Chemotherapy drugs may be an option if the squamous cell skin cancer is spreading. Given intravenously once every few weeks, chemotherapy may slow the spread of the cancer and/or help relieve some symptoms. Sometimes chemotherapy can shrink tumors so that other therapies can be used to treat the cancer that remains.

Squamous cell carcinoma prognosis and survival rate

If caught early, squamous cell carcinoma is highly treatable. While skin cancer is the most common cancer type among U.S. adults, cases are not required to be reported to cancer registries, so exact incidence breakdowns of types like squamous cell carcinoma are not known.

One way people with cancer estimate life expectancy is to evaluate the five-year relative survival rate for that cancer type. This percentage shows the likelihood that a person with a specific type and stage of cancer may live for at least five years after the diagnosis, compared with people who don't have cancer.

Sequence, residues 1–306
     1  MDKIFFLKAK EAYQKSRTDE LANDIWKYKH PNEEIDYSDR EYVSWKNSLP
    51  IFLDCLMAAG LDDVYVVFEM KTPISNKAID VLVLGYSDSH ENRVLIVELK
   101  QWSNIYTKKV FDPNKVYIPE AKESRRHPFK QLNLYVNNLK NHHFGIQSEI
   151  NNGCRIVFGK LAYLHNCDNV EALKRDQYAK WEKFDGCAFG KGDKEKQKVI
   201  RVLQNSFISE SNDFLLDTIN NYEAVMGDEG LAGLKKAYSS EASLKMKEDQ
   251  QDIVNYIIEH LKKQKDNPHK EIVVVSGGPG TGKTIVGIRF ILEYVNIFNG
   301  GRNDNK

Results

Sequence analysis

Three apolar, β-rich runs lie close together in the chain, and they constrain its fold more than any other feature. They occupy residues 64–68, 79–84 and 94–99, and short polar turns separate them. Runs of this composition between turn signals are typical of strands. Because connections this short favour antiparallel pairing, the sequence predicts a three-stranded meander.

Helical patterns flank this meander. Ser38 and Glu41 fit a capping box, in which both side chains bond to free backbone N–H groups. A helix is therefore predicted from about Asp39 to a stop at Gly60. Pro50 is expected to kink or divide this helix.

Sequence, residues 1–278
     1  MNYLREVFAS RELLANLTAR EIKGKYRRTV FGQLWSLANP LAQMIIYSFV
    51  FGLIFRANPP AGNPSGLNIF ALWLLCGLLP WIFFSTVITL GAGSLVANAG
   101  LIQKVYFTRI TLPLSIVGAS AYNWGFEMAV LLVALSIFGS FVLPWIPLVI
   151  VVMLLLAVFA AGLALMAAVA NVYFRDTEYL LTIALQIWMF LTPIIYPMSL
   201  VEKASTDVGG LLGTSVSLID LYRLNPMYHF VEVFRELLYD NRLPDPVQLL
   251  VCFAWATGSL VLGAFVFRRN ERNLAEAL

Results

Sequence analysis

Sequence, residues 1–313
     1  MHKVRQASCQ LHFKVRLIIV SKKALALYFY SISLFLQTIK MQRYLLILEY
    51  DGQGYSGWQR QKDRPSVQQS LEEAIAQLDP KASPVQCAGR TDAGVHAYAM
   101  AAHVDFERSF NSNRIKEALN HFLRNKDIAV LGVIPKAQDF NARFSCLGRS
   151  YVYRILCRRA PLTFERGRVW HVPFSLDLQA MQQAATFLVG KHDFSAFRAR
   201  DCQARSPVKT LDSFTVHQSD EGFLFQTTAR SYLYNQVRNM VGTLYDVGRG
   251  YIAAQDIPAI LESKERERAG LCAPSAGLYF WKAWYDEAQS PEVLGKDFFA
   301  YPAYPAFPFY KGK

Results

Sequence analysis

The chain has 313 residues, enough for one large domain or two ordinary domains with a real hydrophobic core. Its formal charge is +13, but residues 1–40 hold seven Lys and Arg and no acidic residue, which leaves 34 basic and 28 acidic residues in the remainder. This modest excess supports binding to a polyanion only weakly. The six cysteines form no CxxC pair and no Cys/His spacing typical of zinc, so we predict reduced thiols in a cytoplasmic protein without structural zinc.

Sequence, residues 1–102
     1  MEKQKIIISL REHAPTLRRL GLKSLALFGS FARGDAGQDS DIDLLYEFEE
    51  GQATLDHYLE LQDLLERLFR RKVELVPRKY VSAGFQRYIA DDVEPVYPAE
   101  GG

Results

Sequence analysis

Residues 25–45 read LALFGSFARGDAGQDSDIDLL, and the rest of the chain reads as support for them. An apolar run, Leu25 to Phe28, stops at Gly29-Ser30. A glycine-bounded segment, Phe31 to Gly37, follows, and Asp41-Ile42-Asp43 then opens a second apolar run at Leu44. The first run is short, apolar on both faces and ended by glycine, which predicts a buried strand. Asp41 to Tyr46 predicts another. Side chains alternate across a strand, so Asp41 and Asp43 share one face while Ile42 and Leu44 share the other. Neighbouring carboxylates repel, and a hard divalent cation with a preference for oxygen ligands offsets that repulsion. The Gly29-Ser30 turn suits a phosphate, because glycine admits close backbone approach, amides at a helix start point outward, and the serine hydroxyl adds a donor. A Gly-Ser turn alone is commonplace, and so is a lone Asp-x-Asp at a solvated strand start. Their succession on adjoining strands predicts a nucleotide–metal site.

According to numbers tracked by the Canadian Cancer Society, the five-year relative survival rate for squamous cell carcinoma is 95 percent.

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Show references
  • American Cancer Society (2021, February). Local Treatments Other than Surgery for Basal and Squamous Cell Skin Cancers.
  • American Cancer Society. Treating Basal and Squamous Cell Skin Cancer.
  • National Cancer Institute. PD-1.
  • American Cancer Society (2019, July). Targeted Therapy for Basal and Squamous Cell Skin Cancers.
  • Canadian Cancer Society. Survival statistics for non-melanoma skin cancer.